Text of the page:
ising 319 metres on Melbourne’s skyline, Australia 108 goes where no building has ever gone in the Southern Hemisphere.
It not only boasts the highest floorplate in half of the world, but also Australia’s first cantilevering structure – the golden Starburst that juts out over the street across all four sides of the building.
So just how was this architectural phenomenon delivered?
Builder Multiplex started work on Australia 108’s compact and challenging site in late 2015. Located in the heavily developed suburb of Southbank, the site is bounded by neighbouring tall buildings and two major roads. Its location was never going to make construction easy.
Nor would its soil. Australia 108 is located on Coode Island Silt – like the majority of buildings in the area – a highly compressible soil. To shore up the integrity of the structure Multiplex spent the first 12 months founding over 250 piles into the ground.
Using the biggest piling rig in Australia, some of the piles were up to 2.1 metres in diameter and were founded up to 47 metres deep into the bedrock of the site. This scale of piling gave the building a strong foundation from which its 100 storeys could begin to sprout.
Once piling was complete, the building started to come out of the ground, with new floor slabs poured at monthly and even fortnightly intervals on higher levels. This progress allowed for progressive façade installation – a feat in itself. Australia 108 features 15,000 unique glass panels weighing between 200-300 kilograms (that’s a massive 2,500 tonnes of glass spanning 47,000 square metres).
As the glass was installed, trades were able to begin working on apartment interiors, with a buffer of up to 20 levels between these workers and those pouring concrete as the building’s form rose.
Undoubtedly one of the largest challenges on the project came with the construction of the building’s now iconic Starburst. Located 210 metres above ground over levels 70 and 71, this golden feature juts over the street below. It comprises 24 trusses weighing 12 tonnes each and spanning 15 metres by 3.3 metres with similarly sized golden panels.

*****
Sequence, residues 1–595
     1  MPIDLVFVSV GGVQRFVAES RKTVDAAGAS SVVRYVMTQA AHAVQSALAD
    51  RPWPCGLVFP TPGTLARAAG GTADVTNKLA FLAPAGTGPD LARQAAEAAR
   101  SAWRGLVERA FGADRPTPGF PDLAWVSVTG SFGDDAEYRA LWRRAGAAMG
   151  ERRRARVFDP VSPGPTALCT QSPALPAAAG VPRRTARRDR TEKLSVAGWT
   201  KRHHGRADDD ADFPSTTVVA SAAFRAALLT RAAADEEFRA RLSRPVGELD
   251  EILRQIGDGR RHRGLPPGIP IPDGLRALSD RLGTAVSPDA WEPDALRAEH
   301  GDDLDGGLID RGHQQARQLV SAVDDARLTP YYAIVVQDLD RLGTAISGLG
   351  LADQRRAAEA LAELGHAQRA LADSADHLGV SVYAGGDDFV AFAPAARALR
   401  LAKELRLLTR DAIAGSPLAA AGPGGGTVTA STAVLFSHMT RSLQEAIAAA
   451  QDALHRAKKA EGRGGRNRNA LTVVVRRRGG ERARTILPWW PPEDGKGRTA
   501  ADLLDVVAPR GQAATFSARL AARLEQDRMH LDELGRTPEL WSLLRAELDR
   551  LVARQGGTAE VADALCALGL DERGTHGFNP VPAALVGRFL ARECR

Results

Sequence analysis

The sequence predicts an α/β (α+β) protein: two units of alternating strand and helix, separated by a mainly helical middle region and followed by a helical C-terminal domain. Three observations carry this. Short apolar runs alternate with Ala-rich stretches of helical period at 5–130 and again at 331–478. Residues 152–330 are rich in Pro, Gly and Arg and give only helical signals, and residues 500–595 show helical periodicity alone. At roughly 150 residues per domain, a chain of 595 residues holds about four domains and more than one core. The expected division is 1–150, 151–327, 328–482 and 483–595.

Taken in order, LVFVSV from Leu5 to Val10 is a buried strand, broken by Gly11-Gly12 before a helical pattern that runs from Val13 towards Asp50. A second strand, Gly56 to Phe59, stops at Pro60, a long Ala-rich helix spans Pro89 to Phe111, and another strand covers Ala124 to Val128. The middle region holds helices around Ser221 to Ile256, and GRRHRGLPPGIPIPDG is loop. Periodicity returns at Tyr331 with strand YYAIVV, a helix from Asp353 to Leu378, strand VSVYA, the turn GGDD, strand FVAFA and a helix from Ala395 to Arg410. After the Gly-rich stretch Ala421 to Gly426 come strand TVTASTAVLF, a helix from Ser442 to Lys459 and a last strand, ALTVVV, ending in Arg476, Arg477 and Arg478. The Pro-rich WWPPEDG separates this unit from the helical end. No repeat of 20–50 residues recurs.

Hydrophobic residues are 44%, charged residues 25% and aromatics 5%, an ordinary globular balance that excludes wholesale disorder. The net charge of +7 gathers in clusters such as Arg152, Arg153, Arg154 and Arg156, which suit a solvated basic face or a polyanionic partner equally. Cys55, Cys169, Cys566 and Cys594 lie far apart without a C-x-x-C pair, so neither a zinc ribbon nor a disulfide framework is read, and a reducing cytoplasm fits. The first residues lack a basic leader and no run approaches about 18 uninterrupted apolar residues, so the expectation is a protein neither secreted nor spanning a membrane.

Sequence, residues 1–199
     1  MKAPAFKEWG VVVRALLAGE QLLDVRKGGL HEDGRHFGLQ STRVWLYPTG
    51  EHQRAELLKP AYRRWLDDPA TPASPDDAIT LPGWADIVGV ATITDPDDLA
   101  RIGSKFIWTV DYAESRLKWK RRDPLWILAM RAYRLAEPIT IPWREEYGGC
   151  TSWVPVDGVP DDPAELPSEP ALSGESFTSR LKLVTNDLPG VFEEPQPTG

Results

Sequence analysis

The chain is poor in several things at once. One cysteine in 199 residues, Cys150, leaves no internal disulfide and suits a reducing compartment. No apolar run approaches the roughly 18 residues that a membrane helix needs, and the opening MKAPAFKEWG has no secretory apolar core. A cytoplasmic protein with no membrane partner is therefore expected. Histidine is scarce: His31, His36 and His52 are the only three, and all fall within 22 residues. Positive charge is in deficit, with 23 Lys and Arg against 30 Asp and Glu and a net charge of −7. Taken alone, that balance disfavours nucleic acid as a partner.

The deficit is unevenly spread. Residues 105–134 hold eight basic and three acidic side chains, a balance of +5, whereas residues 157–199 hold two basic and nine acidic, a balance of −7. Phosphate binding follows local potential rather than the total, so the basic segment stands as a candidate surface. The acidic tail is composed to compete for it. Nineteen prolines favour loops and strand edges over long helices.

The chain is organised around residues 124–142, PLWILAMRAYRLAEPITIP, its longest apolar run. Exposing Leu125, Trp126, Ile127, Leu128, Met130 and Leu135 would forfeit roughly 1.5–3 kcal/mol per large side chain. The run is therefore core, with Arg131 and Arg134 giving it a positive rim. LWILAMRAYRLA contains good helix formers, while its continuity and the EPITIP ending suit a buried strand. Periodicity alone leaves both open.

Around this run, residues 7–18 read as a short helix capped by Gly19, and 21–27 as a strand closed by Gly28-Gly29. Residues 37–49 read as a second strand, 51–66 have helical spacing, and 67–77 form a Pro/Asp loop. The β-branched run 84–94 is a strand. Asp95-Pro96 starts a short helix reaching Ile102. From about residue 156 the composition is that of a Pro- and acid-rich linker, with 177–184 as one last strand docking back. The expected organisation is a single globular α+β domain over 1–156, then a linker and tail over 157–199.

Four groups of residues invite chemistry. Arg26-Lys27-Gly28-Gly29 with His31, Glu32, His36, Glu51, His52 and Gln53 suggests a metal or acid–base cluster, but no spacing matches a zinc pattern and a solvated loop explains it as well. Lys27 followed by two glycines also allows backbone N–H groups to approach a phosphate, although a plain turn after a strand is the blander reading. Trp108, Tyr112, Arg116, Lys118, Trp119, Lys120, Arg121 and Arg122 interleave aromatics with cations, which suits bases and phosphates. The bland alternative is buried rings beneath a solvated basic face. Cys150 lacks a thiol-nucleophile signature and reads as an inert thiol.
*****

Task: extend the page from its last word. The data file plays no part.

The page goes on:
Multiplex erected a special platform under the Starburst from which workers could safely install the feature, while ensuring the safety of people below. It took more than four months to complete, with the golden panels lifted in place at night as to not disrupt the traffic below.
The building was designed so that the upper levels could proceed as the Starburst was finished and to ensure that any delays on the feature would not impact the delivery of the remainder of the structure.
This structure on its upper levels is further stabilised by a series of outrigger walls and there are a range of interventions to help it cope with the gale force winds that can blow off Port Phillip Bay. One of its key wind management features is a 300,000 litre damper tank installed below level 100 to act as a counterbalance against wind and help the building flex.
At times these gusts did slow construction, with the weather the biggest uncontrollable factor on the site. Despite the challenges that the external conditions provided, the build of this icon has proceeded to plan and on schedule.
In April Australia 108 marked its topping out moment, with the majority of its glass façade in place, signalling completion of the structure. Its two cranes that have dominated the skyline for so long will start to come down as trades move inwards to focus on completion of the remaining internal spaces and apartments – on track for completion by the end of the year.